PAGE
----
Birth Injuries

The 4 Types Of Cerebral Palsy

Cerebral palsy can be separated into four major types, with Spastic being the most common. Regarding cerebral palsy, two terms must be understood on how CP affects muscle tone. They are as follows:

Hypotonia: This means low muscle tone, which leads to a loss of firmness and strength.


Hypertonia: This means high muscle tone, which leads to rigid and erratic movements.

Below are the four types of cerebral palsy diagnosis that your child can face:

Spastic Cerebral Palsy

This is the most common cerebral palsy diagnosis. Approximately 80% of cerebral palsy cases will be spastic. This includes hypertonia due to the muscle movements being rigid and jerky. Parents must also understand that being that motor functions are injured; voluntary movement is impaired. When this occurs, the brain is unable to send signals regarding the flexibility of the muscles, hence hypertonia.

Athetoid Cerebral Palsy

Also known as dyskinetic cerebral palsy, this diagnosis that targets the motor functions of the brain. Primarily, the area(s) of the brain that are susceptible to damage will be the basal ganglia and/or cerebellum. Hypoxic ischemic encephalopathy can also be the root cause of cerebral palsy.

Babies who suffer from this diagnosis will also experience both hypotonia and hypertonia. Due to this lethal combination, low muscle tone and rigid/erratic movements will occur. And due to the injury of the basal ganglia and or cerebellum, this type of cerebral palsy affects certain functions in children such as eye movement, motor functions, and balance and coordination. When present, athetoid cerebral palsy can cause the following to occur:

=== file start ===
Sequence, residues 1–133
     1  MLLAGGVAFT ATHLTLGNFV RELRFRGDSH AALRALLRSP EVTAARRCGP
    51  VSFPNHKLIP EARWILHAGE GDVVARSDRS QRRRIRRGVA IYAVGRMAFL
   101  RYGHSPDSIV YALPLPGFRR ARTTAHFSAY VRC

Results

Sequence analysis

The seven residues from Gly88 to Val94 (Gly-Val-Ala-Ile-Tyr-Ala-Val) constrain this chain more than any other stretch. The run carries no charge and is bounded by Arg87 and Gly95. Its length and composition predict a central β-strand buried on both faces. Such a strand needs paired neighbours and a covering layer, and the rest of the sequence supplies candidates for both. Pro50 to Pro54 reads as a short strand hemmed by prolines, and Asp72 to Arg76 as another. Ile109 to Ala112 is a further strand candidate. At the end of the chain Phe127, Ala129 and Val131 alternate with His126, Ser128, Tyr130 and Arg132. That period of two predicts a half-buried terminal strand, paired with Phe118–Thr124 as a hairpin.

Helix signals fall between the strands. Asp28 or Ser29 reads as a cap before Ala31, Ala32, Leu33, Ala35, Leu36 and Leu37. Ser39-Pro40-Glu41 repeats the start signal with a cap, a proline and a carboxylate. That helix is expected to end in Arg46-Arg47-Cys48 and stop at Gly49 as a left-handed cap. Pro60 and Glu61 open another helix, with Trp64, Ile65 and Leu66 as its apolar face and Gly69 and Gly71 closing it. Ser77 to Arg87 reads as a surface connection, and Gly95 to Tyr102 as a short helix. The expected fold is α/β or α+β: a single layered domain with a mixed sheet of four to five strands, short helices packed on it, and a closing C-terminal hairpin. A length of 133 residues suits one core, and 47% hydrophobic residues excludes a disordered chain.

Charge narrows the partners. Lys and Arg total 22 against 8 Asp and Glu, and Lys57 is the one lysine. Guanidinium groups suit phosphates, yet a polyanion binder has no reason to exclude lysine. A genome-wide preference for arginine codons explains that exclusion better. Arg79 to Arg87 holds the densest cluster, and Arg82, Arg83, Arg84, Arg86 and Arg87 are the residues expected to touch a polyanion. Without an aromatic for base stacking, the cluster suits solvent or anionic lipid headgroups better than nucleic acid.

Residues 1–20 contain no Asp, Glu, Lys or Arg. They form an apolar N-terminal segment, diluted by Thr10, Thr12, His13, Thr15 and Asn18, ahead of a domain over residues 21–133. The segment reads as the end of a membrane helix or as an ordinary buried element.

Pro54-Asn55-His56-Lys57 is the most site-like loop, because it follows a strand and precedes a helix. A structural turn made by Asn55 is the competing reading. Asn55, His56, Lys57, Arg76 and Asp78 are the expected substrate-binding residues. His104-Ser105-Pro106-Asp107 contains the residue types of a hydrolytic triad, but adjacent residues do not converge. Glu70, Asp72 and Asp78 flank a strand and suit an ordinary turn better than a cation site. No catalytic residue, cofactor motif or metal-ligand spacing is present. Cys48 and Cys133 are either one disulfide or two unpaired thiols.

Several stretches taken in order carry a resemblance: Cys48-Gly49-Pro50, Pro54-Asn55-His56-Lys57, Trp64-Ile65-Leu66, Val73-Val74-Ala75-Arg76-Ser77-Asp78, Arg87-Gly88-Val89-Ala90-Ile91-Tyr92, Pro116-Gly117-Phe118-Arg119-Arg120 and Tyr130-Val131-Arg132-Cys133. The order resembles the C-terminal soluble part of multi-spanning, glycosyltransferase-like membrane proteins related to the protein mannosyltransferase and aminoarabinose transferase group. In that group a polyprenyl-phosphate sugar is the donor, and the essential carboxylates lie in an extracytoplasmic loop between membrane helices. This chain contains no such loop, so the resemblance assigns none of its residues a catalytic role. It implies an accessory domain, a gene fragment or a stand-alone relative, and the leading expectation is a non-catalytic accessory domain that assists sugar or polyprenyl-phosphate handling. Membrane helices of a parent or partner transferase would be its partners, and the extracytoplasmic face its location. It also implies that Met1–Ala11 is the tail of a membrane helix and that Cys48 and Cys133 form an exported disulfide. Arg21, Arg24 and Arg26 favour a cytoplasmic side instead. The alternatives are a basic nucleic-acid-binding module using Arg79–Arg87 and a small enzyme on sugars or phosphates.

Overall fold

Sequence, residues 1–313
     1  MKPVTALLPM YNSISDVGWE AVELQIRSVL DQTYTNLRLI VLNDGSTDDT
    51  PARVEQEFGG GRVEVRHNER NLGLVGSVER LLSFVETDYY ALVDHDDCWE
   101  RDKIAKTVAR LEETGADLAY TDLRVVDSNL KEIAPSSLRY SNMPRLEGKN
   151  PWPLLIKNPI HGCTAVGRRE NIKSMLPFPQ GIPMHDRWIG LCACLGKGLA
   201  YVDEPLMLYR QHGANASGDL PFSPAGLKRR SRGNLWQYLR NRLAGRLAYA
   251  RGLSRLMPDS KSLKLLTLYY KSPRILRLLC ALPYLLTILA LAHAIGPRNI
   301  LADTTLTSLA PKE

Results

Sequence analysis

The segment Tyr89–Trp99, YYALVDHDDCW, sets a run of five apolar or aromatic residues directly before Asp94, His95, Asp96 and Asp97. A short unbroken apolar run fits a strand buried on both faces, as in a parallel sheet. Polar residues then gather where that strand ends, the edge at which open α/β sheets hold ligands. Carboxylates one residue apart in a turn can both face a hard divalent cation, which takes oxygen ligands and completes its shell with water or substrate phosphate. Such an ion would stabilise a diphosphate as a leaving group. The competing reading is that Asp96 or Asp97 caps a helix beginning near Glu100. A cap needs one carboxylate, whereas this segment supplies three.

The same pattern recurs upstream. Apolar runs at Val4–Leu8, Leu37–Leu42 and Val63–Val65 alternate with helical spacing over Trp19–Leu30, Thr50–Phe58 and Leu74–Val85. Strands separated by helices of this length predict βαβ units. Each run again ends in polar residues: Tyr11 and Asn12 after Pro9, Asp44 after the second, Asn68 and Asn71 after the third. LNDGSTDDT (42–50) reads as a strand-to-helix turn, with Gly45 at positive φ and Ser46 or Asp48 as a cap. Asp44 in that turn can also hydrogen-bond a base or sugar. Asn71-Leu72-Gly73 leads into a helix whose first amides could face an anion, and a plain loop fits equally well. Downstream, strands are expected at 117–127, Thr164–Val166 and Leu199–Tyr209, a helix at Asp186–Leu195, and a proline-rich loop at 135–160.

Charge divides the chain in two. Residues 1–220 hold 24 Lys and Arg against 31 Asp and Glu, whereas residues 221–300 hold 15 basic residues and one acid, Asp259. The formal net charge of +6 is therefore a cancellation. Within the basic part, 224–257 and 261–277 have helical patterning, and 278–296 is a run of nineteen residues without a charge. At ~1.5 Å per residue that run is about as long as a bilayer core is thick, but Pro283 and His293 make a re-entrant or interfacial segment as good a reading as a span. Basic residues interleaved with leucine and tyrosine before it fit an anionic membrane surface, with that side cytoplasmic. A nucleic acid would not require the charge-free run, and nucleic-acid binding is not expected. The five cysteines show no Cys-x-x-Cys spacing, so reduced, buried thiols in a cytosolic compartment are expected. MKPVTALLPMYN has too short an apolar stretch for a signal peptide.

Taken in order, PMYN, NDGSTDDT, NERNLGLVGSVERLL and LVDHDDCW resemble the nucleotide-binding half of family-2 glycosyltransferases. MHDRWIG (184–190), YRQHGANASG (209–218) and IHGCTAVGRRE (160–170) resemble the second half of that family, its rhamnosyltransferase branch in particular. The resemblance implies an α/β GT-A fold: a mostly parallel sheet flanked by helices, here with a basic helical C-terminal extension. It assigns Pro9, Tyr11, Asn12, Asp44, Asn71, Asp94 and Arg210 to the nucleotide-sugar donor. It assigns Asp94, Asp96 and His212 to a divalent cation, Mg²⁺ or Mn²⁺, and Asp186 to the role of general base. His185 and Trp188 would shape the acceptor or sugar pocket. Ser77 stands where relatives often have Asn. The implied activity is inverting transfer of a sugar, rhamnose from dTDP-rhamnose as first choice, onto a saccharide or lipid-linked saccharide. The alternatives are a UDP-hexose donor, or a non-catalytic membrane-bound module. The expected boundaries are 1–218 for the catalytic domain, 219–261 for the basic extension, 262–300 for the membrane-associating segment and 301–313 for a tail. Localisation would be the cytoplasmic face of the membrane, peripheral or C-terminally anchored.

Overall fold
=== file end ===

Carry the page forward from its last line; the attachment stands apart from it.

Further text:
Trouble Feeding/Swallowing
Floppiness with Limb
Rigid Body/Trunk Area
Balance & Posture Issues

Mixed Cerebral Palsy

A child who suffers from mixed cerebral palsy in general does not have a brain injury that targets solely one area. Because of this, a baby suffering from mixed cerebral palsy could display spastic cerebral palsy (rigid legs) and athetoid cerebral palsy (poor facial control). This condition is seen in about 10% of cerebral palsy diagnosis.

Ataxic Cerebral Palsy

This is one of the rarest forms of cerebral and is usually accompanied by poor muscle tone, or hypotonia, which in turn causes impairment to fine motor skills and other movements for the child. Ataxic cerebral palsy can affect the child’s entire body, which then can result in abnormal body movements. The child’s arms, hand, body/trunk and feet will be affected due to the impairment of the cerebellum. Ataxic cerebral palsy is suspected if the child has the following:
Balance Problems
Coordination Problems: A child’s inability to keep their feet close together while walking
Issues With Movements Which Require Precision: Simple tasks such as grabbing an object may cause difficulty for the child.
Hand Movement: Tasks such as buttoning a shirt or using a fork or pencil may be challenging due to the hand trembling/shaking.

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Cerebral Palsy






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